Duane and his deformed step brother Belial return for yet another outing in Frank Henenlotter’s Basket Case 3, and this time they cause more mayhem than ever before.
The premise of Basket Case 3 is relatively simple. After his breakdown, Duane (Kevin Van Hentenryck) is locked in a padded cell. Granny Ruth (Annie Ross) comes to the rescue once again as we learn he’s been locked away just long enough for his deformed Siamese twin’s girlfriend’s gestation period to almost be up. The group of misfits that populated Basket Case 2 are back and are busy preparing for the momentous occasion before setting off on a road trip to seek the aid of a doctor accustomed to helping such weird and wonderful patients.
After an impromptu sing song on the bus and a random meeting between Duane and the sheriff’s daughter the group arrive at the doctor’s house. Here ‘shock’ revelations are made (including the fact Granny Ruth has a son (!) – a son whose commentary of the birth is about as painful as childbirth itself) before twelve new little Belial’s are born. Policemen inevitably turn up and cause mayhem that forms the crux of the rest of the film.
Don’t worry if you haven’t seen Basket Case 3‘s two predecessors; not only does the film monopolise a faux pas made by Basket Case 2 in that it recycles footage from what came before it, its opening five minutes is actually the last five minutes of Basket Case 2 almost verbatim. As a result we get to relive the harrowing weird sex scene shared between Duane’s brother Belial and Eve before watching in dismay as Duane loses the plot and sews Belial back onto his side.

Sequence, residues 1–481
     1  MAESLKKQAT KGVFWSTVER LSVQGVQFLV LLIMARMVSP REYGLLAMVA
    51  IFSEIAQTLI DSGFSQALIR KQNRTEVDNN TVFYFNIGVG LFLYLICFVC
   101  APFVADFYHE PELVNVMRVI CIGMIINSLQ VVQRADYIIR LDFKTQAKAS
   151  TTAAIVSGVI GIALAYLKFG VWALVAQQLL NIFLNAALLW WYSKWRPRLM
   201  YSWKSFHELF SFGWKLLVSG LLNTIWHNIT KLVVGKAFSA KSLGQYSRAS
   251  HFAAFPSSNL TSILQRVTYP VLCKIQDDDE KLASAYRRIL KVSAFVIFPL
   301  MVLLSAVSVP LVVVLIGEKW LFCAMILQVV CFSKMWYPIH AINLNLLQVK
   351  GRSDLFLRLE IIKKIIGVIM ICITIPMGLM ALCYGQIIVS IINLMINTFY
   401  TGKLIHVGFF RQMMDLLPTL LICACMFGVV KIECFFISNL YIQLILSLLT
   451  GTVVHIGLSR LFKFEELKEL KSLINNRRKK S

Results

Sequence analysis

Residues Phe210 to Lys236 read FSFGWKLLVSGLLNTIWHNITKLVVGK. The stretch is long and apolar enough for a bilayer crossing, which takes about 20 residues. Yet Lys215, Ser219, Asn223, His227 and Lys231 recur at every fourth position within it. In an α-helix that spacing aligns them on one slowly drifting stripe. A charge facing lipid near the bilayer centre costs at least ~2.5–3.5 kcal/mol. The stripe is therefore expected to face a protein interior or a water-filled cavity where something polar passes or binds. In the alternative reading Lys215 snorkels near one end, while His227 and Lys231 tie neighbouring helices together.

Basket Case 3 often feels like a bad TV film with its dodgy effects and dodgy acting. Some may find comedy amidst the madness but, for us personally, there’s just a bit too much tomfoolery for us to actually enjoy the film whilst it often feels as if the silly cast of misfits would do better in a kid’s film.
The intriguing premise of the first film, where Duane and Belial seek revenge against those who separated them, has become somehow lost, instead giving way to a ridiculous puppet show with lots of silly characters that feel alien to the horror premise of the first film. When Basket Case 3 does finally return to its roots it becomes a weird parody of itself with Belial being strapped into a wobbly machine that allows him all sorts of new ways to kill. The reasoning behind its creation are sketchy as he seemed to get around faster without it.
Somewhere amidst the mayhem are the obligatory death scenes associated with the franchise, stripped of their former gory glory due to censorship problems. The film’s creators also throw in a weird imaginary threesome and a girl with a prison fetish as if to keep viewer’s tuned in.
Some will love the film for its campy ridiculous feel whilst others will find themselves lost in 90 minutes of bizarre escapades. Ending with a poor man’s version of Magneto’s mantra (accept mutants or prepare to feel the consequences) Basket Case 3 brings the Basket Case franchise thankfully to a close.